Sit-ins, marches, and campus activists. Lists of demands for presidents and chancellors. Protests about programs and buildings named after men known to have owned slaves and perpetuated racial discrimination.
The turmoil on campuses around the nation increases as students and some faculty use their voices, their physical presence, social media, and even sticky notes to draw attention to important but unmet needs: the need for respect, safety, community, and support on campus; the need for honest dialogue about racial injustice; and the need for students of color to see themselves in those who teach them.
Currently, students who are seeking to change inequality or a hostile campus climate are applying pressure to presidents and chancellors. They are giving little attention to governing boards, the group with final accountability for the institutions and systems they govern.
What would our students find if they looked closely at their institutions’ boards today?
According to a 2015 AGB survey, racial and ethnic minorities make up 14.0* percent of the boards of independent institutions and 24.5* percent of boards of public institutions. AGB’s survey also found that percentages for independent institutions have increased modestly since 2010 when minorities accounted for 12.5 percent of board members. In that same period, the percentage for public institution boards also increased slightly from 23.1 percent.
By taking a longer view, it's possible to see real change in the diversity of higher education’s governing boards. In 1969, only 1 percent of board members at independent institutions and 3 percent at public institutions represented racial and ethnic minorities. That percentage has climbed steadily over the last 45 years. But the percentage is still as disappointing in the boardroom as it is in the classroom.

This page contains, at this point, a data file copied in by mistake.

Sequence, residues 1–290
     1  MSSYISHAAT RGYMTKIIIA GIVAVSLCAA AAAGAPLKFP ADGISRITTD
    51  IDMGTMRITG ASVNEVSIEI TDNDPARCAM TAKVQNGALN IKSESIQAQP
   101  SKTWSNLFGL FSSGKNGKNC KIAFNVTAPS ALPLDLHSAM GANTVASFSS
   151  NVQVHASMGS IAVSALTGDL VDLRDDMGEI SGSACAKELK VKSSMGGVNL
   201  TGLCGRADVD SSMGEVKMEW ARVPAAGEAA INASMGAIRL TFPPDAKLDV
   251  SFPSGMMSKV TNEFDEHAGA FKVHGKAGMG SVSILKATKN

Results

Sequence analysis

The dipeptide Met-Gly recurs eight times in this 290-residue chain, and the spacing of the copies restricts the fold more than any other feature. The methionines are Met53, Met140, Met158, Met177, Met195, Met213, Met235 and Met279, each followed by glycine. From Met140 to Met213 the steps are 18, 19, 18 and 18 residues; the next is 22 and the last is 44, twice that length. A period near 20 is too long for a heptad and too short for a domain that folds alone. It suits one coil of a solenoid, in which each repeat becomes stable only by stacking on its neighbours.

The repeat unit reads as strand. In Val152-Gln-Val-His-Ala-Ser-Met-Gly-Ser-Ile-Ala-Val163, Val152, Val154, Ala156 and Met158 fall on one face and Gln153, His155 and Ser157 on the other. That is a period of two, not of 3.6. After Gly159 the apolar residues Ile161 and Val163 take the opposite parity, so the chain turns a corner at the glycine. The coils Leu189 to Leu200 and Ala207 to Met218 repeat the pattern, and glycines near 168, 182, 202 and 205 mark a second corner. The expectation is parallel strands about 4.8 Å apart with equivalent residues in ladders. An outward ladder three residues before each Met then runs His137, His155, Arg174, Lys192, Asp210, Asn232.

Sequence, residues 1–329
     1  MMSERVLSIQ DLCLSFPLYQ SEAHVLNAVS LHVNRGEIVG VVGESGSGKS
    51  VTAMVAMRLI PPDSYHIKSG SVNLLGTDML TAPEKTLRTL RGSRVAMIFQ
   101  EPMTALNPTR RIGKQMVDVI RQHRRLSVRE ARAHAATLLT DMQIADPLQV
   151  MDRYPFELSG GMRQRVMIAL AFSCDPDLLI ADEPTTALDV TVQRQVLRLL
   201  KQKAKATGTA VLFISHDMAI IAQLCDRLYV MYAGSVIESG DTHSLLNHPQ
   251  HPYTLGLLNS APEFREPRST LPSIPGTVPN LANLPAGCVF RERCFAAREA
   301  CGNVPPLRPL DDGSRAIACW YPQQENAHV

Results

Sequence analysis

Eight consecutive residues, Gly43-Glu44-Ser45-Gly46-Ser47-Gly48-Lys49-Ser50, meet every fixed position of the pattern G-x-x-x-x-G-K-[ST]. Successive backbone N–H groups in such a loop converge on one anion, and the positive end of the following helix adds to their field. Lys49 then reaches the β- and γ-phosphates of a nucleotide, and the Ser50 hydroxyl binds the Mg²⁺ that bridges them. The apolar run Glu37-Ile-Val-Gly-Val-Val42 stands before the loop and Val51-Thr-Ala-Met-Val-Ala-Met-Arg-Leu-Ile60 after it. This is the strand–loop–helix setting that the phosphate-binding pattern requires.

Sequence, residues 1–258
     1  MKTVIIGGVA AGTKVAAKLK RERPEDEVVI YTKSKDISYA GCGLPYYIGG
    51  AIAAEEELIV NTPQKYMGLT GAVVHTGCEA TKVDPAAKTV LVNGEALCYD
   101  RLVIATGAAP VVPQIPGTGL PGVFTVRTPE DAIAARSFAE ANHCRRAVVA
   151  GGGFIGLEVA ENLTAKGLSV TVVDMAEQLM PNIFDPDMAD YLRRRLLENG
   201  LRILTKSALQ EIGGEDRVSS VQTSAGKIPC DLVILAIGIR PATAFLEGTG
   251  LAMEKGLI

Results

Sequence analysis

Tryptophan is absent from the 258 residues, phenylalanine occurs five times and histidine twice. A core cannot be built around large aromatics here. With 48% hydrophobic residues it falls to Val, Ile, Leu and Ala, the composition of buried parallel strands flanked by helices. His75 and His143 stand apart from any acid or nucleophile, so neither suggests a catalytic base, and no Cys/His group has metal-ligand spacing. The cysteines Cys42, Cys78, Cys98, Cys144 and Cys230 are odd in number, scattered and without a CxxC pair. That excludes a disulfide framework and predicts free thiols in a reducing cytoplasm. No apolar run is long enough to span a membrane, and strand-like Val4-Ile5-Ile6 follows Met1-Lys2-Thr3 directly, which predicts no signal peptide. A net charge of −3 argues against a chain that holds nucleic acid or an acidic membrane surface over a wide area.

In 2013, according to the National Center for Education Statistics, African-American students accounted for 14.7 percent of college students. According to AGB, in 2015 African-Americans accounted for 8.3 percent of members of boards of independent institutions and 13.6 percent of members of boards of public institutions. In 2013 Hispanics accounted for 15.8 percent of college students but only 2.4 percent of board members of private boards and 5.8 percent of public board members.
Establishing a quota for board members is not the answer to the valid complaints of minority students. Nor will it guarantee that the climate on campus will become welcoming to the full range of races, ethnicities, beliefs, and backgrounds represented by students. But moving the needle on board diversity in all its forms—race and ethnicity as well as gender, age, sexual orientation, and other categories—is one of the many steps higher education must take given our changing society.
The U. S. Census Bureau has told us that racial and ethnic minorities will become the majority population in the country around 2050. For many communities, that switch has already occurred. If boards are going to continue to add value to the institutions they serve, they, like the presidents and chancellors, need to be able to address the needs of a changing student population. One way to do that is to reflect the diversity of the students for which they are accountable. It’s good for higher education.
*Includes individuals who identified as African American, Hispanic, Asian American, American Indian/Native Alaska, and Other. Data pulled from preliminary findings; the final report will be released in early 2016.